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Chains, Consolidation & Competition

Canada’s Evolving Retail Landscape

Canada’s retail environment for produce is highly consolidated among a handful of supermarket and discount chains, and competition is fierce both across the nation and within the provinces.  Retailers, both chains and independents, vie for a total of just over 34 million people—the equivalent of 11 percent of the U.S. population—spread across a geographic region slightly larger than its neighbor to the south.  

Ron Lemaire, president of the Canadian Produce Marketing Association, characterizes it as “a small per capita market,” with “relatively few retailers fighting for [their] share of stomach.”  Svetlana Uduslivaia, senior market research analyst at Euro monitor International, agrees: “It’s a very saturated, very competitive marketplace at this point.” 

Highly Concentrated

All told, nearly 21,000 stores in Canada sell food, according to Statistics Canada, with total food sales reaching CAD$87 billion for 2012, representing 19 percent of all retail sales. Grocery stores and supermarkets dominate the market, accounting for 63 percent; yet discounters, club stores, and other outlets have slowly gained market share, climbing by several percentage points over the last two years.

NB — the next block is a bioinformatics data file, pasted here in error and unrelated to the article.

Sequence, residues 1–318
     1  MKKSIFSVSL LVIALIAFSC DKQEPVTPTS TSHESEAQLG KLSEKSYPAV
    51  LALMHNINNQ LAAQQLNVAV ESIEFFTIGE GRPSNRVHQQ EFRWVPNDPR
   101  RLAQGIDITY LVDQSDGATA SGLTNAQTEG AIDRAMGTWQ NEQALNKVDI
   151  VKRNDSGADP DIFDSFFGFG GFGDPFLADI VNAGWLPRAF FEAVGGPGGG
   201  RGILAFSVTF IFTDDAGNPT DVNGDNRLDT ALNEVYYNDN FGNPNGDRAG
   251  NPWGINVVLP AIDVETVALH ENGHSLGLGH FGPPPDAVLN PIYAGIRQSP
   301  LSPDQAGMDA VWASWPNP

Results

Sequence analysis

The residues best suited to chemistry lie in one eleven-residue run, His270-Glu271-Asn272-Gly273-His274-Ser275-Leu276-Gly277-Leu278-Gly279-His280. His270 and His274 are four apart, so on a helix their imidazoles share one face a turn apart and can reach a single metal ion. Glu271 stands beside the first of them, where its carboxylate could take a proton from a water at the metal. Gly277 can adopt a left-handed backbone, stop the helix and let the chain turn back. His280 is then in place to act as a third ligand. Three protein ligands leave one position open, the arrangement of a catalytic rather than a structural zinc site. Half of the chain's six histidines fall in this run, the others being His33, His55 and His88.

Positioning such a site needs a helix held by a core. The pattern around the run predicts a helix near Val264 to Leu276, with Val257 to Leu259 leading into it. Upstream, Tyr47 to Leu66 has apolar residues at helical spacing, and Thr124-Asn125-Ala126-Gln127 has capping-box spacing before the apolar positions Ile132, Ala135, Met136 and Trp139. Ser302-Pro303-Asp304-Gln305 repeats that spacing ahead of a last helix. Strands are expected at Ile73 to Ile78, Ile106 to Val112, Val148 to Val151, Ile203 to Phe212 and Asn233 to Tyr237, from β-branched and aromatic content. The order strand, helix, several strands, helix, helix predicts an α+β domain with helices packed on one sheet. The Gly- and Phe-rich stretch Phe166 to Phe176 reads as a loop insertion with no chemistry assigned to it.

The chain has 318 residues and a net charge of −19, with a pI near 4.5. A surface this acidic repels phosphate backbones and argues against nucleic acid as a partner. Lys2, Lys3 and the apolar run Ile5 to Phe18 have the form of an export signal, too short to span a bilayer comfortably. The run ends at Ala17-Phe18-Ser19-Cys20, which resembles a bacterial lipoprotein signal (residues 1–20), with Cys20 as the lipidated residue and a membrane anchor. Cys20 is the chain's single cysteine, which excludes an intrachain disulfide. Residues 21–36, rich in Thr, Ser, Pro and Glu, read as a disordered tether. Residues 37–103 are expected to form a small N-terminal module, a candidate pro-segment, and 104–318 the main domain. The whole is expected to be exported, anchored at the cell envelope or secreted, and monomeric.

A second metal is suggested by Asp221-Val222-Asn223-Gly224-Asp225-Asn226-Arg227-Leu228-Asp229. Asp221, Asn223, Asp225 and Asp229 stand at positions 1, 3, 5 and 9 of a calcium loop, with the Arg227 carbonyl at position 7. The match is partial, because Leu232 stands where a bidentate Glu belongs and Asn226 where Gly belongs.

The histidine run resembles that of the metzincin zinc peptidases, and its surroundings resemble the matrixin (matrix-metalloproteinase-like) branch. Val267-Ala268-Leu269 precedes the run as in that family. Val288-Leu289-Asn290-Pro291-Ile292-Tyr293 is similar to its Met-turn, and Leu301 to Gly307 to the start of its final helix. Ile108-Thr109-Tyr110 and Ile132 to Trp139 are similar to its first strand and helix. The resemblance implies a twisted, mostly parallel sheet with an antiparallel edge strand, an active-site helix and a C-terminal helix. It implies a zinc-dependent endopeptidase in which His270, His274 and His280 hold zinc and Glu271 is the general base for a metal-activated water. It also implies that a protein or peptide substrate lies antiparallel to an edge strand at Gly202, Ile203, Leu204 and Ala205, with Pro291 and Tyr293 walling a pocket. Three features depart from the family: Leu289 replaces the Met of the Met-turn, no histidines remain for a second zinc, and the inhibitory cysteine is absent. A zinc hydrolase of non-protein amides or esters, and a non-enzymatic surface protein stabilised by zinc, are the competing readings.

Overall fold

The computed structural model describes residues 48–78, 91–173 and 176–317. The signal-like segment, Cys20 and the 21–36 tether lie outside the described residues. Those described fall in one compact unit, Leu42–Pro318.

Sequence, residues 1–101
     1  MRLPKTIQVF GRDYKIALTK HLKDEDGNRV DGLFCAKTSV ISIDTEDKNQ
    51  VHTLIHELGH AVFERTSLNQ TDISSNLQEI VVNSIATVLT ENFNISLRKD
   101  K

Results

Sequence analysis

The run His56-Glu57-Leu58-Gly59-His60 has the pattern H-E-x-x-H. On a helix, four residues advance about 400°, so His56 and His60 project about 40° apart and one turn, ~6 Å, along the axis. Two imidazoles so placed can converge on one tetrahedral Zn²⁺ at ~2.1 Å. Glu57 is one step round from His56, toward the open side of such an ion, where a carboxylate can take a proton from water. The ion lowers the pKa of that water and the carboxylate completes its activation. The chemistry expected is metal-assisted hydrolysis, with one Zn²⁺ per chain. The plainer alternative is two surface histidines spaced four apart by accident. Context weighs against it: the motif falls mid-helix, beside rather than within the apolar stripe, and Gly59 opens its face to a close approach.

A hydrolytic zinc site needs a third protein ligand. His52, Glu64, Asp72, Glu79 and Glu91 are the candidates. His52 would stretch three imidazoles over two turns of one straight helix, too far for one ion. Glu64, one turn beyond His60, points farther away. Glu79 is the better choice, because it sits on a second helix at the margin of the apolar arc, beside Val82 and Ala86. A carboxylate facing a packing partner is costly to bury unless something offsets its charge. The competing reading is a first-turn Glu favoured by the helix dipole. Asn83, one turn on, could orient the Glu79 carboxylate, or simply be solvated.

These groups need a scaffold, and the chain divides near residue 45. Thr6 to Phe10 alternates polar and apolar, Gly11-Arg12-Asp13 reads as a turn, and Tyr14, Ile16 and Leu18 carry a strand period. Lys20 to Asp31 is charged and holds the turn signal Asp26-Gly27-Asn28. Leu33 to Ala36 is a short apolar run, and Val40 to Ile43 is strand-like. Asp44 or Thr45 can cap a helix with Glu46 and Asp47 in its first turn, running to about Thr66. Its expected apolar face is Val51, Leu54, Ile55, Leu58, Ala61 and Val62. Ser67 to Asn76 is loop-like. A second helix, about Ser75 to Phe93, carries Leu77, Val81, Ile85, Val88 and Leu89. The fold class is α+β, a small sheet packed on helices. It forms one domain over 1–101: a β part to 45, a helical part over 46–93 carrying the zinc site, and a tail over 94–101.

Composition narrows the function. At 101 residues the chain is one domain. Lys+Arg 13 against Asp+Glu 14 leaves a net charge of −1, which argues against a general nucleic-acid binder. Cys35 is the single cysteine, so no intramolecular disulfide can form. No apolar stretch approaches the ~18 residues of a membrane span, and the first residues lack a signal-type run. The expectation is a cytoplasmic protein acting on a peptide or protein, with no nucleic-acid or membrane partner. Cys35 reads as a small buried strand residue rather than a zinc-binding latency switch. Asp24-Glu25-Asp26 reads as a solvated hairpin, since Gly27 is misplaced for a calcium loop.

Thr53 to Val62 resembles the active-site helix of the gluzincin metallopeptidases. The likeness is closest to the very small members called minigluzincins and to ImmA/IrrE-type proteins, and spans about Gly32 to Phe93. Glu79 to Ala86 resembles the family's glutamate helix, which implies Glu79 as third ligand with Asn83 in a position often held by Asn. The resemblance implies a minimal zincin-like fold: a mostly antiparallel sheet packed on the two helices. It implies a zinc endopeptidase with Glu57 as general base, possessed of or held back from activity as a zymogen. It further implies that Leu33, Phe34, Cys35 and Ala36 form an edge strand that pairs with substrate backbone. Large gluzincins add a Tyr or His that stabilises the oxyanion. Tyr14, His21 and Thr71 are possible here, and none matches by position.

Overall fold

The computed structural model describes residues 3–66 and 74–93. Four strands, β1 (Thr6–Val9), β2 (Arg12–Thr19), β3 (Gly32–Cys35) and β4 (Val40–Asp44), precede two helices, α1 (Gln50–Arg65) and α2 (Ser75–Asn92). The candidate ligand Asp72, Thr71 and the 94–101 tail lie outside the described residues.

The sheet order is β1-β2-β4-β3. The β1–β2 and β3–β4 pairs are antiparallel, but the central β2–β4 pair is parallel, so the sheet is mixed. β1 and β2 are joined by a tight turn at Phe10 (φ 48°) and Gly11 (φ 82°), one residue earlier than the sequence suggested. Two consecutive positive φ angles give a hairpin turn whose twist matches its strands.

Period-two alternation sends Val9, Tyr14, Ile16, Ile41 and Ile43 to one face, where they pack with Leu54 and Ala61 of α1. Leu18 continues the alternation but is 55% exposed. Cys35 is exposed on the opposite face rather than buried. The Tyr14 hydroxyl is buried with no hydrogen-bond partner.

The three major players—the national chains, Loblaw and Sobeys, and the big regional chain, Metro—account for 43 percent of retail food sales.  These three, plus Costco and Walmart, continue to dominate the market and drive trends nationwide. Several have been adding floor space to their produce departments as a means of remaining competitive.

Although multinational retailers have not made as many inroads as in the United States, the global discounters and mass merchants that are in the Canada market—namely Costco and especially Walmart—are having a major impact.  Costco has been in the country since 1986 and has 75 warehouse clubs, while Walmart entered in 1994 and has over 330 outlets, more than half of them supercenters with fresh produce. 

Uduslivaia says both chains are “very strong competitors,” which was further underscored by Walmart Canada’s announcement in January that the company would spend $450 million to open three dozen new supercenters in Canada, through both new construction and renovations to existing facilities.  The investment will not only add nearly 1.5 million square feet of retail space but provide what the company believed would reach 7,000 new jobs. 

Some of the new stores were planned for the Maritimes, marking Walmart’s first supercenter foray into the eastern section of Canada.  Walmart Canada’s president and CEO, Shelley Broader commented: “We’re truly delighted to be adding a full grocery section to more locations across the country, including the opening of our first supercenters in the Maritimes.  We look forward to helping our customers coast-to-coast save money on groceries as well as their general merchandise purchases,” she said.